Rock & roll's fixation with youth and the teenage spirit is interwoven into the fabric of almost every chapter of its lengthy history. While some backward-looking underground acts reference the teenage years in a romanticized, nostalgic way, Songs from the Valley of the Bored Teenager (1981-84), the title of the archival collection of almost all available recordings from L.A. proto-synth punk band Earth Dies Burning. If anything, the "teenager" label is somewhat premature, as the bandmembers ranged in age from just ten to the practically ancient age of 14 when the group started up in 1981. With songs not so much satirical as outright absurd, the bored teenagers of EDB embraced topics ranging from food ("Pork Yogurt," "Fish Sticks") to Reagan-era nuclear paranoia ("Duck and Cover") but mostly presented a snotty, tongue-in-cheek stream of sophomoric punk brattiness, singing what they knew of the pains of youth. This meant purging some pent-up energy by screaming through songs less than a minute long about not eating vegetables, cartoonish homicidal fantasies, and ridiculous, exaggerated social commentary. For a band of children, EDB were surprising musical and unexpectedly astute. Choosing to create more with cheap synthesizers than guitars, they worked in the same anti-rock vein as synth punk upstarts like Nervous Gender and the Screamers. While decidedly dissonant and squelching, the performances aren't as rusty as every other thing about the band would suggest. Inclusion of a bassoon player set EDB apart from many of their peers, and their pieced-together drum kits and schizo-jazz tunes like "60 Minutes" and "Mystery Bedroom Song" predict the same flawless willing amateurism of Half Japanese or some of the earliest experiments in noise rock. The live material that rounds out the disc points to some possible influential points, with confusing disco covers of the Velvet Underground and Men Without Hats, though their version of PiL's "Flowers of Romance" is especially faithful to the original. Guitarist Brad Laner would go on to form countless bands, including the much-loved '90s guitar-heavy indie act Medicine. The young, loud, and snotty voices of Laner and his teenage friends in Earth Dies Burning don't sound much like the seeds for future greatness being planted, but the songs here do capture an incredibly vivid picture of precocious and musically adroit youth in the midst of a formative time not for just their own lives, but for punk as well.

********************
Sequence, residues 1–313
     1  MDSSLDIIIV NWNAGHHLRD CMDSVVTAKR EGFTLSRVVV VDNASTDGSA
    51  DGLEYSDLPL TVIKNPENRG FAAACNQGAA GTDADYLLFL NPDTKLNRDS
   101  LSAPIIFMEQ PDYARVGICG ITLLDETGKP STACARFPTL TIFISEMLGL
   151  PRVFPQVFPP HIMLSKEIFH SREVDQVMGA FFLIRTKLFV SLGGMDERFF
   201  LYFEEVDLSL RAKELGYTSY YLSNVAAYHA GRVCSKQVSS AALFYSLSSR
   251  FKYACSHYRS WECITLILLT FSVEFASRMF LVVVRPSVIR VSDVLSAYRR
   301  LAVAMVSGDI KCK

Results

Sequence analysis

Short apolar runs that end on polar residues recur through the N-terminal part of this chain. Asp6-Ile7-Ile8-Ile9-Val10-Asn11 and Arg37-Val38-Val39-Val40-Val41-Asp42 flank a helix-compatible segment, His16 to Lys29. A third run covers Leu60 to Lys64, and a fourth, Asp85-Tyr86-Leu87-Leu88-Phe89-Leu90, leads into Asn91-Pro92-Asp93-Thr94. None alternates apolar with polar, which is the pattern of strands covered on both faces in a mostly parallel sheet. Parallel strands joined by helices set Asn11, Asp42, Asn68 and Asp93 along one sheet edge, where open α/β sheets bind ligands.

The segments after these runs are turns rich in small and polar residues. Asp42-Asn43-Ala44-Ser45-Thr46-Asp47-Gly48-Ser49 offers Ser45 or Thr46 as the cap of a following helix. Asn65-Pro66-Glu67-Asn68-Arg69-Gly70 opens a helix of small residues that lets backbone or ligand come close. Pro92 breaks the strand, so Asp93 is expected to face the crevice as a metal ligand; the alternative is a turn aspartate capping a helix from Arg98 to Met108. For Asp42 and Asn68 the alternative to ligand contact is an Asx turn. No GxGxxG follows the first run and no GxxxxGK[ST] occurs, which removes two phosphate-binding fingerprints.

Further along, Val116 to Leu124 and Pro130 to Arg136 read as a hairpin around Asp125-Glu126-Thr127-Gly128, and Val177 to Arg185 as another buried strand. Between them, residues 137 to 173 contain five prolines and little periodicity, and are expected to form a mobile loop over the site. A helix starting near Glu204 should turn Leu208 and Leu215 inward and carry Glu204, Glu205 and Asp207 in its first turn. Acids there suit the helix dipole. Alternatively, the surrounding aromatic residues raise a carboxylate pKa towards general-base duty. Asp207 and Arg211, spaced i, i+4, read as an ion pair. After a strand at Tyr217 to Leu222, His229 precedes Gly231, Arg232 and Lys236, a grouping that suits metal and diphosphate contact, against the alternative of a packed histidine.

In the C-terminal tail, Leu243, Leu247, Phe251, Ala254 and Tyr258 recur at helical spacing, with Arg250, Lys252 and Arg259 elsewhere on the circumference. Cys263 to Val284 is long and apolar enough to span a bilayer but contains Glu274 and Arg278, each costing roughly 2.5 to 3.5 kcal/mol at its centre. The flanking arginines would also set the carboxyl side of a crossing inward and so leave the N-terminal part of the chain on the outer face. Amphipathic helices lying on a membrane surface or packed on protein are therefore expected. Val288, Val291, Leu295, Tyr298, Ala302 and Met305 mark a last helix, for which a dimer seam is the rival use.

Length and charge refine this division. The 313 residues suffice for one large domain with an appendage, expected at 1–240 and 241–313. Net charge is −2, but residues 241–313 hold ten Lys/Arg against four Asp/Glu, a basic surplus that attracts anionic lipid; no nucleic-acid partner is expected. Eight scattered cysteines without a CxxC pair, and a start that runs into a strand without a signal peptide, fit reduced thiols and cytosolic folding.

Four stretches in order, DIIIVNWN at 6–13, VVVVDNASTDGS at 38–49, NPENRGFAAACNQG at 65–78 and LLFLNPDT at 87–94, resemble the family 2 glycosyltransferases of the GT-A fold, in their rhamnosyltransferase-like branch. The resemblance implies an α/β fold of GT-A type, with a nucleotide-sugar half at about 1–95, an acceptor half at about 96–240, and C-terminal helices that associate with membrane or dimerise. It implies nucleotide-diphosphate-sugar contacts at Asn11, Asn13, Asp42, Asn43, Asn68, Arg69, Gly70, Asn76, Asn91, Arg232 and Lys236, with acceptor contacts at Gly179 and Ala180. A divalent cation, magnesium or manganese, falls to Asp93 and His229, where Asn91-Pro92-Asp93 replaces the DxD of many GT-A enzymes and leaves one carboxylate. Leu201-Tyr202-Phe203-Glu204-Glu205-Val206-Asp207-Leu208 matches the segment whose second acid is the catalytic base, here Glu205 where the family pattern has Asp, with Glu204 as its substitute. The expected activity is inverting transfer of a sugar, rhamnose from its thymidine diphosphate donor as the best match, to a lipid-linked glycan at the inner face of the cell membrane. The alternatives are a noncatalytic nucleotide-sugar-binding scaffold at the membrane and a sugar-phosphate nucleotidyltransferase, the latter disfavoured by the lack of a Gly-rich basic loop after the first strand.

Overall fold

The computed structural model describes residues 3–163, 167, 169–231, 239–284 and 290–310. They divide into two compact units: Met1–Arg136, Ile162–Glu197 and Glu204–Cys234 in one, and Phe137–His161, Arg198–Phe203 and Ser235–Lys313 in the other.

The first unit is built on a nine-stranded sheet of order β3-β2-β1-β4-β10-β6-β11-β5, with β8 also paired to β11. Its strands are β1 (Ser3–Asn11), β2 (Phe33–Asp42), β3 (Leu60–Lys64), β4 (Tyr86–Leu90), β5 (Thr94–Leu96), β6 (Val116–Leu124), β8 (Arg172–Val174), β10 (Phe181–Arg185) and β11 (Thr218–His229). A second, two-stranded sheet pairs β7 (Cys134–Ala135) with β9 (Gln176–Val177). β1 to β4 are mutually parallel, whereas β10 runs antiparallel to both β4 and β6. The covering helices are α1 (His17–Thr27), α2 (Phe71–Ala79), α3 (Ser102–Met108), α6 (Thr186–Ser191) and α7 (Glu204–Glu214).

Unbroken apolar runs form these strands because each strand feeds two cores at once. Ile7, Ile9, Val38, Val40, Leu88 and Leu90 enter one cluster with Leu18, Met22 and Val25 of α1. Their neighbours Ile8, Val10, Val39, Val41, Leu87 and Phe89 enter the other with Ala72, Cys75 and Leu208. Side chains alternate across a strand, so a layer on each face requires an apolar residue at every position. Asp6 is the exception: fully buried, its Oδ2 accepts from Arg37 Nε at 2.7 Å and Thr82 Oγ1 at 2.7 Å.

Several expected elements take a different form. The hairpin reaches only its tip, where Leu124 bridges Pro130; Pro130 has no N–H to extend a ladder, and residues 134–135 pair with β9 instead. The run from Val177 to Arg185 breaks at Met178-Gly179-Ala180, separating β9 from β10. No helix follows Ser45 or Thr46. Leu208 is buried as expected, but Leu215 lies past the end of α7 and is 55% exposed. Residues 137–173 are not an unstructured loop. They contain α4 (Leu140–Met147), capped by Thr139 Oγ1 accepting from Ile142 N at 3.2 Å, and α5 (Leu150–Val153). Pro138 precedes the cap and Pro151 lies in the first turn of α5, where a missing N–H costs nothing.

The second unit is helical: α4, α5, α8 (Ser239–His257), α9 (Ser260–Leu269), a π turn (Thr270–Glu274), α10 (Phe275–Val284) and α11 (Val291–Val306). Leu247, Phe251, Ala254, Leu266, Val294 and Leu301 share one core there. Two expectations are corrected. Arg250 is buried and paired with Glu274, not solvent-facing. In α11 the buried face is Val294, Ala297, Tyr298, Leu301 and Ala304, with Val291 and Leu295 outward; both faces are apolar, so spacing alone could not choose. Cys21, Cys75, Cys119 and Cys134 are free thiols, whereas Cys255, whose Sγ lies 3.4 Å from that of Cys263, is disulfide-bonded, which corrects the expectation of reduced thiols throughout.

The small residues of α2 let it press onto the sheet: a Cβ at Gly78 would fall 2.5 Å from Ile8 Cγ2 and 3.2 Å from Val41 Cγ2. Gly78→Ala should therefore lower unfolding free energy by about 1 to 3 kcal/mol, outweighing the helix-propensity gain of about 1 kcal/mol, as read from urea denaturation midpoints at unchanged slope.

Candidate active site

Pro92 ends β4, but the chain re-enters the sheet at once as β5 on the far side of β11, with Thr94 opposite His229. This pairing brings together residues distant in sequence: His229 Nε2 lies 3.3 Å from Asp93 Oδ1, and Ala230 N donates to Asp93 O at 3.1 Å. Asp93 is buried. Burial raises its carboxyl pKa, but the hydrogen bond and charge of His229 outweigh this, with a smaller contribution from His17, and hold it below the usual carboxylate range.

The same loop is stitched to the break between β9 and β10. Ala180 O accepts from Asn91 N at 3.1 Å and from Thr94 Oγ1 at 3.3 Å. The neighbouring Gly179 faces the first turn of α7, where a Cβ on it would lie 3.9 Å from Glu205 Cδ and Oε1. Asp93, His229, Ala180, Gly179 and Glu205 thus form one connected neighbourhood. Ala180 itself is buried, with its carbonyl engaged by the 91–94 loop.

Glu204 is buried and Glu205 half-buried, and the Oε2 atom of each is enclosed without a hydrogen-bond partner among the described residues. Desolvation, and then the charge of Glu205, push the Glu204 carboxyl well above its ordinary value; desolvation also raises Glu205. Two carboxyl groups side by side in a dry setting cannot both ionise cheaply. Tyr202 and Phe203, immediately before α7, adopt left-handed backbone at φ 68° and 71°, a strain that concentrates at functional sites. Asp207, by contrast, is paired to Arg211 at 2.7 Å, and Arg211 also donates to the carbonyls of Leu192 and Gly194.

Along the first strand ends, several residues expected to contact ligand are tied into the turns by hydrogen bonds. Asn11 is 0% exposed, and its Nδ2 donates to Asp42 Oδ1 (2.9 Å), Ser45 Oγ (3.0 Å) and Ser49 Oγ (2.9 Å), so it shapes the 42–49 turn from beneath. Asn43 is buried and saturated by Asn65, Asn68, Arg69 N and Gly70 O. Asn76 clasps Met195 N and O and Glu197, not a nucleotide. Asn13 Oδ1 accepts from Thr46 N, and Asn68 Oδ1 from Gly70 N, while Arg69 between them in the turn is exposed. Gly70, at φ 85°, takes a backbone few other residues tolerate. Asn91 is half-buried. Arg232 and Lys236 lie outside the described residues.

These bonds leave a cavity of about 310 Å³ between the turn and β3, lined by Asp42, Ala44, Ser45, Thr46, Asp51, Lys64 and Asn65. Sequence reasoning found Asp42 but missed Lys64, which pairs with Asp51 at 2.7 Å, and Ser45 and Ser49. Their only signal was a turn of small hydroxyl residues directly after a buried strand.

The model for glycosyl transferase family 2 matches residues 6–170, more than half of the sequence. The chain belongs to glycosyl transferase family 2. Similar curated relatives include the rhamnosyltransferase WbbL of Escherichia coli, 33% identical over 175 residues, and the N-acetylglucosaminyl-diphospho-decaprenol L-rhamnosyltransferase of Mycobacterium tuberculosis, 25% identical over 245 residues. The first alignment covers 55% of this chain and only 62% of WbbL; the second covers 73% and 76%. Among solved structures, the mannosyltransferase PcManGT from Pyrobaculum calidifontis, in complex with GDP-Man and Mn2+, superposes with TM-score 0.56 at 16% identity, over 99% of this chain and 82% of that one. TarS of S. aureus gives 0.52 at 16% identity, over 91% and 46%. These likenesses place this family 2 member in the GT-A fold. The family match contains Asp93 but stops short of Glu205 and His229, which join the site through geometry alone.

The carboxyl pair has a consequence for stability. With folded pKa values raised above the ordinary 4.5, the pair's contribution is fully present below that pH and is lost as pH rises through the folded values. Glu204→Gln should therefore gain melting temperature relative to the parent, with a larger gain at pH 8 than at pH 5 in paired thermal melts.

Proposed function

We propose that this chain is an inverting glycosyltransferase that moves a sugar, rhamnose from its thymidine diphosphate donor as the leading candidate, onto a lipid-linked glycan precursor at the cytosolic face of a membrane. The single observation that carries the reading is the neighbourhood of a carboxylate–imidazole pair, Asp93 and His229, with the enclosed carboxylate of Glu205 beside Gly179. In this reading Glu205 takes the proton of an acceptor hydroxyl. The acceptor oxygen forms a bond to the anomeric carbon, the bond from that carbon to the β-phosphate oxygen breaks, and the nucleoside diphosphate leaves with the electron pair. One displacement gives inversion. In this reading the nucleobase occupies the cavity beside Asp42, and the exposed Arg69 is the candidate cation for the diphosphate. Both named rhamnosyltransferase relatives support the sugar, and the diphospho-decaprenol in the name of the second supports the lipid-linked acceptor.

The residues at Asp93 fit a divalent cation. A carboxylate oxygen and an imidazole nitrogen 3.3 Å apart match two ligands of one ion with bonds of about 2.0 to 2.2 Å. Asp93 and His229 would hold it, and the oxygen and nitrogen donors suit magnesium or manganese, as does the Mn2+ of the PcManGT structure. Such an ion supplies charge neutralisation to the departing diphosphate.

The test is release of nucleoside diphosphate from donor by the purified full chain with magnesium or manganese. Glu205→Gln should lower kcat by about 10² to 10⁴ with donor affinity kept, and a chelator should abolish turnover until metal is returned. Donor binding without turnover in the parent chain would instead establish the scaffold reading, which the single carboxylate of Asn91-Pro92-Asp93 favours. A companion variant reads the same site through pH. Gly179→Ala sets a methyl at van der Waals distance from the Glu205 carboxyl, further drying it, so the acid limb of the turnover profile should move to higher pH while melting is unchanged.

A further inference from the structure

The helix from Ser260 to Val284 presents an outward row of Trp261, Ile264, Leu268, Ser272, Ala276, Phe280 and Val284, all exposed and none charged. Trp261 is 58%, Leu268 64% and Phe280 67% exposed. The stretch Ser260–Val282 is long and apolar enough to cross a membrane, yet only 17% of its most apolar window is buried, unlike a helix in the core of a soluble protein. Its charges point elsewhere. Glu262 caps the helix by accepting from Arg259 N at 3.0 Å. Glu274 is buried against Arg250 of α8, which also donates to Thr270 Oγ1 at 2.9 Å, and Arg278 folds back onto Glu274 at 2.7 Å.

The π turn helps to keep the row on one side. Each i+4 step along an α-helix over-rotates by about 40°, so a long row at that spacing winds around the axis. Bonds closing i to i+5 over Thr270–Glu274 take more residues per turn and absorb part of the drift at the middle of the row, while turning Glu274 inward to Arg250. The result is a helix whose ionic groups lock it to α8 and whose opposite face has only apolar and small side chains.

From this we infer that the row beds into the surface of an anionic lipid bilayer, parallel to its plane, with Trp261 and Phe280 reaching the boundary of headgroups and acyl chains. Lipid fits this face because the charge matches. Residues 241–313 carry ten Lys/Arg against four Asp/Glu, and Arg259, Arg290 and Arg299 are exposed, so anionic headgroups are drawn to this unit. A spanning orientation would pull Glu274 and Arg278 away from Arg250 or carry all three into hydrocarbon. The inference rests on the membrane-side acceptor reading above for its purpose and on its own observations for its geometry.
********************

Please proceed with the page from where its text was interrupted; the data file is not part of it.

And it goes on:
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AllMusic Review by Fred Thomas